"Baseball is a sport where the best players are playing from a young age — 6, 7, 8. And they're playing a lot of games with a lot of instruction all the way through high school and beyond," Hyman said. "Baseball is so skills-specific that it's really hard to be a player with no experience, despite whatever athleticism that player might have."
There was no data available on how many kids play organized baseball in the city relative to other sports. Salamone said nearly 4,000 youths participate in Little League, and a smaller number play in the Reviving Baseball in Inner Cities program, or RBI, an MLB youth outreach effort.
"We've lost some Little League programs, but we've added new ones," Salamone said.
Baseball has far more competition for youths' attention than it once did.
"When I grew up in the '60s, we played baseball morning, noon and night," said former Trenton, N.J., Mayor Doug Palmer, an MLB consultant on the Play Ball initiative. "There wasn't the soccer, the lacrosse. More and more sports evolved," Palmer said.
Palmer, a longtime Little League coach, said it's important for baseball to hook kids early.
"It's about reigniting the joy and fun of baseball to young kids," he said. "Once they want to play, like anything else, they'll find the resources."
Palmer said the sport should appeal to the best athletes — potentially future major-leaguers — because baseball careers are typically longer than those in other pro sports. But football boasts more marketable, attention-grabbing African-American stars.
"I became a Dallas Cowboys fan in New Jersey because in the '60s, I would see the Cowboys and how many African-American players they had," Palmer said.
The Orioles were represented at the clinic by former players Chris Hoiles and Tippy Martinez, and by the Oriole Bird mascot. Manfred gave a pep talk to the kids, who wore T-shirts reading "Play Ball."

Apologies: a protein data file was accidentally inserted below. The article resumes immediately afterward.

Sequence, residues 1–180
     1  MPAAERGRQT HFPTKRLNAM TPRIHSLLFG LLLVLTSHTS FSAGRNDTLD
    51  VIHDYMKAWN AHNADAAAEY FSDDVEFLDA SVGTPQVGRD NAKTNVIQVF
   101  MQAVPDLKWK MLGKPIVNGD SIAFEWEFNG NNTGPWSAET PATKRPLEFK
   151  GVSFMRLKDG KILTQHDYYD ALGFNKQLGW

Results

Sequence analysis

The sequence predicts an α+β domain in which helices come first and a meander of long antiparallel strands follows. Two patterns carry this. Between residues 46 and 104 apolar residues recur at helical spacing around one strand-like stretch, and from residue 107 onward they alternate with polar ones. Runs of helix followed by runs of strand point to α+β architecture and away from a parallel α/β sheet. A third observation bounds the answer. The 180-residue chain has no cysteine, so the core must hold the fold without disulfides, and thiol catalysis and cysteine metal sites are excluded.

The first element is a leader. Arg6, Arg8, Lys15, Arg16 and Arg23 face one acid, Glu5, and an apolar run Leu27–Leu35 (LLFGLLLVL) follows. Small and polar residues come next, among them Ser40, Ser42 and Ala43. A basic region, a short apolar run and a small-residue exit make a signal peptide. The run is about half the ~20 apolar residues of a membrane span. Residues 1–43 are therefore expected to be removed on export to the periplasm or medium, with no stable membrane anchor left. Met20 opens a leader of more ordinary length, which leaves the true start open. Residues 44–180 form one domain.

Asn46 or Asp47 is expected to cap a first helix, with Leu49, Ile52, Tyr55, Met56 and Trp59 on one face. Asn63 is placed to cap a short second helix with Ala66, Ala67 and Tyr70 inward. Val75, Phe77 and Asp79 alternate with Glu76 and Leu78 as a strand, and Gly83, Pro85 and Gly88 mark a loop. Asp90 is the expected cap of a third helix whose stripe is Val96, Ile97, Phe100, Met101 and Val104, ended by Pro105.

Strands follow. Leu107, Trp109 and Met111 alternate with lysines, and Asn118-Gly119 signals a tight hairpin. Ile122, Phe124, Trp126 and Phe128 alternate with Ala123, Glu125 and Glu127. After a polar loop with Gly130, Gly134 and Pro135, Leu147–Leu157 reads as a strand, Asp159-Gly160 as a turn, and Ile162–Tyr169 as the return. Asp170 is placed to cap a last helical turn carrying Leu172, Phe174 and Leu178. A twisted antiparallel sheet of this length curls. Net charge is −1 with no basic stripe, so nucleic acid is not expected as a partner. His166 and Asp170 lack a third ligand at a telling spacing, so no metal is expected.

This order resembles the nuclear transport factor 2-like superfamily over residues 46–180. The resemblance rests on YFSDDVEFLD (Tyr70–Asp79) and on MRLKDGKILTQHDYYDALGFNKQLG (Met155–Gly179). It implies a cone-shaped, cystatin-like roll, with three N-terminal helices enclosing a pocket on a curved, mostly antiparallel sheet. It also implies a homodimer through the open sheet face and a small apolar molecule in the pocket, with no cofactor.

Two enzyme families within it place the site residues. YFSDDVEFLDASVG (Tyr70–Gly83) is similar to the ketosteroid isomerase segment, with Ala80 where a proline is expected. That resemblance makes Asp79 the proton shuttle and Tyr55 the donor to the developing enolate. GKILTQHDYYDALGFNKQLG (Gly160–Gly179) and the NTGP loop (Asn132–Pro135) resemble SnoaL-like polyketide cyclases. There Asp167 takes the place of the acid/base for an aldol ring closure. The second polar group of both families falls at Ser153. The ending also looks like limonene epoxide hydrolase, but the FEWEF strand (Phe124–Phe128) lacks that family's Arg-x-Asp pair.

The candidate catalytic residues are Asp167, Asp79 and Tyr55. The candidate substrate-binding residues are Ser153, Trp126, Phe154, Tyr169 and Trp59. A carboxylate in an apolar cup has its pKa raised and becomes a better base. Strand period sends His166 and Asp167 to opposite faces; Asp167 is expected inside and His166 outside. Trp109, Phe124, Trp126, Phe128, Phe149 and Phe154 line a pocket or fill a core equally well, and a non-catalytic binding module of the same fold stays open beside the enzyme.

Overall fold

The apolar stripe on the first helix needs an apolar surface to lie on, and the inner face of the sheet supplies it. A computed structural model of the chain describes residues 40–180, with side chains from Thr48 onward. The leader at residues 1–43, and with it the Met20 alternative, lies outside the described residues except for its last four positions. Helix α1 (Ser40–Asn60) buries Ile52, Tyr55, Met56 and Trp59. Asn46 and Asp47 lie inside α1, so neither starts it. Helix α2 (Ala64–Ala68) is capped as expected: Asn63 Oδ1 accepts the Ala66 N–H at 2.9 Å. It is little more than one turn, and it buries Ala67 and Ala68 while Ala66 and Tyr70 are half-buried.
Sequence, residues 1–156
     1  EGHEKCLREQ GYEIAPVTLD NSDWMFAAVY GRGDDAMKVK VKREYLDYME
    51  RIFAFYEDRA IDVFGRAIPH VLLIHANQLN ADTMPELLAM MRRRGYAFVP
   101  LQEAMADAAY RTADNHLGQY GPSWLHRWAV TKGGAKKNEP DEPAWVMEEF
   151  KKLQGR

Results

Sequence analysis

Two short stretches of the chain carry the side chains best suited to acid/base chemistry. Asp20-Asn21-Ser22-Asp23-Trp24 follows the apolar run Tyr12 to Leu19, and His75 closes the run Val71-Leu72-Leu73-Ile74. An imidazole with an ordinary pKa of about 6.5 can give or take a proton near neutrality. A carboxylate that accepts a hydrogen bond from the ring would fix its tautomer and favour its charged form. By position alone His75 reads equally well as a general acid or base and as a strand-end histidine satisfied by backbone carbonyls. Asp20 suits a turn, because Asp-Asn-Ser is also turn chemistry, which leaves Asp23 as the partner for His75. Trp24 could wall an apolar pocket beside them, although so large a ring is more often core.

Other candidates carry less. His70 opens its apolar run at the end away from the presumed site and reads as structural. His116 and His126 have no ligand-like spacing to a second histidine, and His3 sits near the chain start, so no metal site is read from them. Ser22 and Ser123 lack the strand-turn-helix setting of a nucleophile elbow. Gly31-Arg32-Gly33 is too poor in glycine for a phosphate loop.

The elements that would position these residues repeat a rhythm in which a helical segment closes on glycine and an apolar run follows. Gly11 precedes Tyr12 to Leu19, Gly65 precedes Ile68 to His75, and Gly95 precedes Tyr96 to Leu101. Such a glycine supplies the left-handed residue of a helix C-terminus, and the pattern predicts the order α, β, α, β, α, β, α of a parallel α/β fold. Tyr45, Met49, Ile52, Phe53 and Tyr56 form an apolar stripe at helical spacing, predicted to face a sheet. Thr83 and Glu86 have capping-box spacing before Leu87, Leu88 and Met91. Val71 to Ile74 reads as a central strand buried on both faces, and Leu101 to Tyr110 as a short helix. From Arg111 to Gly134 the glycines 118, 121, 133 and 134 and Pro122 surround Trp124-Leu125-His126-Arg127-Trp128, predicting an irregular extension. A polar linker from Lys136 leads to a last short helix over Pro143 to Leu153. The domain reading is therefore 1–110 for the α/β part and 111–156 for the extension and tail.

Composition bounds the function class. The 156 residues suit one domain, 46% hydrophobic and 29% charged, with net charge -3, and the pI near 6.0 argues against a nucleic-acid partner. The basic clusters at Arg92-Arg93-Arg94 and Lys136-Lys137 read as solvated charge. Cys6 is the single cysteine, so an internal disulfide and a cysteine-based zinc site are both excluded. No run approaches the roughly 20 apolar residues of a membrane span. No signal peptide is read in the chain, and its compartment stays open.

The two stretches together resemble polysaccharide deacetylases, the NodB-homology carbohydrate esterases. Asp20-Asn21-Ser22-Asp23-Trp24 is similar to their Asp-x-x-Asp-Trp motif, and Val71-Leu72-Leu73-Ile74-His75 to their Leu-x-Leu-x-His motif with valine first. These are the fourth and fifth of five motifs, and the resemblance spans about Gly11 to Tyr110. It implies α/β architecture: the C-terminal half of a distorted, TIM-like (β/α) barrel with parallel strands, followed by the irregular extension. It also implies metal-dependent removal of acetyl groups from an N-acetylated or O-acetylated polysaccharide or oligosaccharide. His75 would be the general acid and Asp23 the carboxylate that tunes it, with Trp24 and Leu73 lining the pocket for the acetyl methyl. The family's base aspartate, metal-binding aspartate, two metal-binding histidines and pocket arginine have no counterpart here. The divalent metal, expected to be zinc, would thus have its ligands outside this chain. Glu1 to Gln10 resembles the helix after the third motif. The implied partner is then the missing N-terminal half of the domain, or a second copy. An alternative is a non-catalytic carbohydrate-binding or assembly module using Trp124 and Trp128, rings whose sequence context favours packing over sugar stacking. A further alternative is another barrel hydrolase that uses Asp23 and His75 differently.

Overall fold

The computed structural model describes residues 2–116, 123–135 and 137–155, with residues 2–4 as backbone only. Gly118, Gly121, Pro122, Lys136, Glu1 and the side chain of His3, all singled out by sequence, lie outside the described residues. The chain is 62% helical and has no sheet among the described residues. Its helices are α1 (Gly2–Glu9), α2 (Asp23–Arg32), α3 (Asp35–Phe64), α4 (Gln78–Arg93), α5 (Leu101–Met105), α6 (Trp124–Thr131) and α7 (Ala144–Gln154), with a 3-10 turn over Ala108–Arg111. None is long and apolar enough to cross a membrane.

"We hope that when you leave here today, you'll remember the kind of fun that you had," Manfred told the crowd.
Robinson, who played for the Orioles from 1966 through 1971, became Major League Baseball's first African-American manager in 1975 with the Cleveland Indians. He did not give a speech, but he said in an interview that MLB players must be emissaries for their sport.
"The players used to live in the community, they used to go back to the community when the season was over and you'd see them talking on the corner to the kids," he said.
He said today's players "have to get into the community a little more so the kids can see them and talk to them and ask them questions" and that youths need to get "involved coming to more games and seeing their role models on TV."
Manfred said he is confident baseball is making inroads.
"Our first round of the draft this year was 25 percent African-American compared to only 8 or 9 percent of our major-league rosters," he said. "So we feel like we're making progress, but we have more work to do."